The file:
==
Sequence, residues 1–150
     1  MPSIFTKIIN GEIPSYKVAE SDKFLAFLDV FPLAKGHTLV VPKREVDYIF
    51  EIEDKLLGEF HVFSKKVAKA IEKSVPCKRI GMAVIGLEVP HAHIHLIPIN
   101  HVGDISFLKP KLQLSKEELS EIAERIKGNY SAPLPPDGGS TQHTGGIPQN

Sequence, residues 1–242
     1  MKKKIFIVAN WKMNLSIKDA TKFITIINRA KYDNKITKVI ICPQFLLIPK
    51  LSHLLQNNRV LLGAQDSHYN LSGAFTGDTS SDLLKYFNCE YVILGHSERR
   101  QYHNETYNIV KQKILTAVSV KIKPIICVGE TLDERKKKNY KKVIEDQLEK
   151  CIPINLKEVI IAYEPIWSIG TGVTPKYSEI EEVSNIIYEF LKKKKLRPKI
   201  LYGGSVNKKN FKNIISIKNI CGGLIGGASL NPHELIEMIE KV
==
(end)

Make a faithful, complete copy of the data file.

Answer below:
Sequence, residues 1–150
     1  MPSIFTKIIN GEIPSYKVAE SDKFLAFLDV FPLAKGHTLV VPKREVDYIF
    51  EIEDKLLGEF HVFSKKVAKA IEKSVPCKRI GMAVIGLEVP HAHIHLIPIN
   101  HVGDISFLKP KLQLSKEELS EIAERIKGNY SAPLPPDGGS TQHTGGIPQN

Sequence, residues 1–242
     1  MKKKIFIVAN WKMNLSIKDA TKFITIINRA KYDNKITKVI ICPQFLLIPK
    51  LSHLLQNNRV LLGAQDSHYN LSGAFTGDTS SDLLKYFNCE YVILGHSERR
   101  QYHNETYNIV KQKILTAVSV KIKPIICVGE TLDERKKKNY KKVIEDQLEK
   151  CIPINLKEVI IAYEPIWSIG TGVTPKYSEI EEVSNIIYEF LKKKKLRPKI
   201  LYGGSVNKKN FKNIISIKNI CGGLIGGASL NPHELIEMIE KV